Non-compete clauses in employment contracts – a change in the air?

Dispute Resolution - 1 minute read

The Department for Business and Innovation (BIS) has launched a public consultation on non-compete clauses, as part of a drive to boost innovation.

The consultation asks about non-solicitation and non-poaching clauses as well as traditional non-compete clauses and gardening leave provisions.

The BIS is concerned that restrictive covenants may be hindering the creation of new businesses and movement of staff.

At present UK case law states that a restrictive covenant is void unless it is designed to protect legitimate business interests and no wider than is reasonably necessary. Some businesses will no doubt be concerned that any attempt to dilute this position will have a negative impact and mean that they cannot properly protect their client and staff lists.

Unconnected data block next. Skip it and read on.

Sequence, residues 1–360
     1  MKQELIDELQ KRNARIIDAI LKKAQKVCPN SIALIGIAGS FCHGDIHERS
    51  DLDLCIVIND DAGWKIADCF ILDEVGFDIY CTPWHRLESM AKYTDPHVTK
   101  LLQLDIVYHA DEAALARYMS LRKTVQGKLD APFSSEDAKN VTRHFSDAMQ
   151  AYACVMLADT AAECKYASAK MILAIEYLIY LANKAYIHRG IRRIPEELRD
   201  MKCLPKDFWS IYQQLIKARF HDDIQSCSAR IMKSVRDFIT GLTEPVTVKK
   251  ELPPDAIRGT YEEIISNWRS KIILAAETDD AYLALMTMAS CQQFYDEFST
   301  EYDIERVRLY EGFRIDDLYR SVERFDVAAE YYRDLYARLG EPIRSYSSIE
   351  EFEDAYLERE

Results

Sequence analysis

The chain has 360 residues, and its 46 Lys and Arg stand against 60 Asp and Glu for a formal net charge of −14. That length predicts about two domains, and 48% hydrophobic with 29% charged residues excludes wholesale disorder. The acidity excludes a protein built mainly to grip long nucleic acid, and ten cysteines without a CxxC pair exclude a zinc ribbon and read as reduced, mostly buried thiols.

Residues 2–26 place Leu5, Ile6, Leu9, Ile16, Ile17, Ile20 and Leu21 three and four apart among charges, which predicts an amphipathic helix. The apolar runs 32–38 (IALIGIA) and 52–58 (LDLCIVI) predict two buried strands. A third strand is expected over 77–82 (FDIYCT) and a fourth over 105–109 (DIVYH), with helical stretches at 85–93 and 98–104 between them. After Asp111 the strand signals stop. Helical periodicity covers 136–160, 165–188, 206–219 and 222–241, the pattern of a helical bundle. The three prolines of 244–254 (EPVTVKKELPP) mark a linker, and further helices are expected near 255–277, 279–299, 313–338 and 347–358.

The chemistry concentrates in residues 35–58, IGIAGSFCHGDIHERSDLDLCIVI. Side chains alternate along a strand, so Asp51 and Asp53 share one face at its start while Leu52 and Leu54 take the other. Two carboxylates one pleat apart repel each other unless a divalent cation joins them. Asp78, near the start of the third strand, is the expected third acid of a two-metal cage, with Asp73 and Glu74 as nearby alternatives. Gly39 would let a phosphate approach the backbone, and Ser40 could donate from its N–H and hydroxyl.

On the other side of the argument, people like The Social Market Foundation want the government to entirely ban non-compete clauses in employment contracts.

No doubt the consultation will result in some very strong views on both sides of the argument and we will be awaiting the results with interest.

This call for evidence is seeking your views on whether non-compete clauses stifle entrepreneurship and innovation by preventing people from:

moving between employers
developing innovative ideas
creating a start-up
growing a business
We would like to hear your views, experience, and evidence of non-compete clauses so that we can understand:

when and why they are used
their prevalence
the benefits or disadvantages associated with them